Delta Beta Om: Buddha Comes To San Diego's Greek System
You might think there would be a major clash between the party-hard reputation of the Greek system and the tranquility associated with Buddhism. But a group at San Diego State University says they're trying to strike a balance by starting a Buddhist fraternity and sorority.
"We're not monks or anything like that. We're college students learning about the philosophies and teachings of the Buddha."
When the Buddha attained enlightenment, he realized the Four Noble Truths that explain the human condition. And the first truth is that all life is suffering.
For sophomore Caitlynne Leary, that applies to college life: "Every single part of college is suffering — you're stressed out all of the time," she says.
Leary has been exploring Buddhism since she took a class on it last semester. Now she's working with other students to establish the fraternity and sorority — Delta Beta Tau and Delta Beta Theta — and she's planning to pledge.
"We're not monks or anything like that," she says. "We're college students learning about the philosophies and teachings of the Buddha."
Including those Noble Truths. The second and third truths are that suffering is caused by desire, and that, to end suffering, one must end desire.
"You want things: You want that boy to like you back, you want that new purse. But if you stop expecting so much out of everything, you're just so much happier," Leary says.
Greek Activities, With Mindfulness Mixed In
Pledges to the Buddhist fraternity and sorority won't have to pass any kind of Buddhist tests and likely won't have been raised Buddhist — although this is Southern California, so you never know.
The houses aren't set up yet, so students currently gather near campus for meditation on Saturday mornings, sitting cross-legged in a dimly lit room with a statue of the Buddha facing them.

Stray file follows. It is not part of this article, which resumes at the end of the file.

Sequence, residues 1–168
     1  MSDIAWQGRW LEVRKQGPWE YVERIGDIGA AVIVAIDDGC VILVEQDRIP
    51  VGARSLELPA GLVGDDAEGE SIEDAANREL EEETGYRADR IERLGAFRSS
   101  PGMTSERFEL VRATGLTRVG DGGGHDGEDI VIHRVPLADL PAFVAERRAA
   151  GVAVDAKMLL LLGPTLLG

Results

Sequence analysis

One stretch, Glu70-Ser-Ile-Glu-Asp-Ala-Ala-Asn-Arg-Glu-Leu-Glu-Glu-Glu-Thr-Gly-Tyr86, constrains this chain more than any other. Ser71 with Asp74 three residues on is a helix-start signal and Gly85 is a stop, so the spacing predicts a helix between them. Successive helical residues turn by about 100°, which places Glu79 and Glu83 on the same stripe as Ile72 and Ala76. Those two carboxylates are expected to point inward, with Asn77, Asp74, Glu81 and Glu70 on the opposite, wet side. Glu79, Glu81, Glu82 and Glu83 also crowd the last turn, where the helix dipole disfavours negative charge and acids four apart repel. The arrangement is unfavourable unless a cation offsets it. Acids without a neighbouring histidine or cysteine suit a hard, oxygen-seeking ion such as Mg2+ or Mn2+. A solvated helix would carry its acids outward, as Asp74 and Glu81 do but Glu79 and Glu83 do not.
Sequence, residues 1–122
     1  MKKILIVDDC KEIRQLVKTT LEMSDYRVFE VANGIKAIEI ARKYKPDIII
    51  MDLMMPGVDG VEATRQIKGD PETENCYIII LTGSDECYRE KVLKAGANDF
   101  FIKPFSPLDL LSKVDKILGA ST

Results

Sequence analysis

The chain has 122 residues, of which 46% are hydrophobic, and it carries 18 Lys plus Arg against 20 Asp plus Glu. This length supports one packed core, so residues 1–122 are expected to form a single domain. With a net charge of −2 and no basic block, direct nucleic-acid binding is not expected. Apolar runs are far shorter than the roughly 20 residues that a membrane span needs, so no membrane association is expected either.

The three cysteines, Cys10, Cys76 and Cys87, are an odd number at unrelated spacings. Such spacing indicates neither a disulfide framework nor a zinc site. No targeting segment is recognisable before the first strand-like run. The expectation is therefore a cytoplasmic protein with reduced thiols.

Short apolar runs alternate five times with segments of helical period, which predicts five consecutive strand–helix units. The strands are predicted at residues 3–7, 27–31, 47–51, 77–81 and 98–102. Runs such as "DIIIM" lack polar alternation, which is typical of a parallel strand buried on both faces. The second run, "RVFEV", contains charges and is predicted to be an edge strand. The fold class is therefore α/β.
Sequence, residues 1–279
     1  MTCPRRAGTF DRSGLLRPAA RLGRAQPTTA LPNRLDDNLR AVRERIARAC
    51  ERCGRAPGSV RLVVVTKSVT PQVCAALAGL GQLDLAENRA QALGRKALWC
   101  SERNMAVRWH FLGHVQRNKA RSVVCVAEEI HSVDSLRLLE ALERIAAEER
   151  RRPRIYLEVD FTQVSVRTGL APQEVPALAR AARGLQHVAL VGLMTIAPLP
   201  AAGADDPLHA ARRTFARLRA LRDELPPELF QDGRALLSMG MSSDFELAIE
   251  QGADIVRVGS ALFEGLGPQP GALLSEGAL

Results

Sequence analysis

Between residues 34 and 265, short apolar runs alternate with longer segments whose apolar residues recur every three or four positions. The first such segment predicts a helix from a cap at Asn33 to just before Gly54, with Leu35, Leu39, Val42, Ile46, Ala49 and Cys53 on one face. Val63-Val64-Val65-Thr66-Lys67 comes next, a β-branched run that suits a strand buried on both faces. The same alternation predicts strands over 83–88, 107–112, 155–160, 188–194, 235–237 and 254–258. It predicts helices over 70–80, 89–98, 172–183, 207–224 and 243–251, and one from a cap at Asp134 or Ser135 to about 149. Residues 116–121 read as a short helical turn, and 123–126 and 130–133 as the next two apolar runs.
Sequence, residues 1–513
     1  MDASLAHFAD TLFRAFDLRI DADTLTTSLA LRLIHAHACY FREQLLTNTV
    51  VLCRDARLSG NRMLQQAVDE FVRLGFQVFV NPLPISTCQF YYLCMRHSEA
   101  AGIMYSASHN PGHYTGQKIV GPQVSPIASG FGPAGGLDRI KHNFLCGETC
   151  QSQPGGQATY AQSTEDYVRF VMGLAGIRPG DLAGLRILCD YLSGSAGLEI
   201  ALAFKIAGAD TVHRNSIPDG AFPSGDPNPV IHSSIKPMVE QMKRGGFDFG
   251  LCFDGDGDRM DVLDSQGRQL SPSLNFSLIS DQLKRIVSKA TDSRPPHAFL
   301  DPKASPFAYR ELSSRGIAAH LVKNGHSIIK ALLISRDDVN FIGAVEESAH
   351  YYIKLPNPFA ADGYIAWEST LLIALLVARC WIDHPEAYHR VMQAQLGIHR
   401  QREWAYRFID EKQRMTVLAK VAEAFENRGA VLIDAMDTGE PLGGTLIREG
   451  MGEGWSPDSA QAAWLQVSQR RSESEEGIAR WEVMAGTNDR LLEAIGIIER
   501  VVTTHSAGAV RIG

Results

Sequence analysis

Once they are set up, says organizer Jeff Zlotnik, members will continue the regular meditation, and they'll have house rules based on Buddhist teachings of compassion.
But they'll also have normal Greek activities, like "date dashes and formals and parties — but hopefully with some mindful behavior and mindful activities and mindful action," Zlotnik says.
What would a mindful mixer look like?
"I'm not sure yet," he says. "Come back to me in about two years and we'll tell you that."
Seeking A 'Brotherhood Based On Ideals'
The idea for the Buddhist houses wasn't surprising to the school's Interfraternity Council.
"It's kind of in line with things — Greek organizations are usually values-based," says council president Blake King, and he's eager to see the idea become reality. "You intermingle them, it provides an overall benefit, kind of a better-than-a-sum-of-our-parts type of deal."
But while there have been Buddhist dorms at schools like Wesleyan University in Connecticut, San Diego State will have the first official Buddhist Greek organizations in the nation.
San Diego State senior Matt Sheldon says he wanted something more than a Buddhist club, which might wane as students graduated or lost interest. He wanted "a brotherhood based on, like, ideals and based on practices that are constructive," he says.
Sheldon originally pledged a fraternity that got kicked off campus for partying and underage drinking. Now he recognizes the Buddha's Fourth Noble Truth: To end desire, you must follow the Eightfold Path. That involves moral actions, thoughtful speech, and mindfulness — being present in the current moment.
"I see people freaking out in classes," he says, "and you just don't have that rooted attachment that causes the stress and the anger and all the other issues, because you have that practice of meditation to center yourself."
Sheldon hopes that, through the fraternity and sorority, students at San Diego State can learn to better handle college and prepare for the next steps on their own paths.
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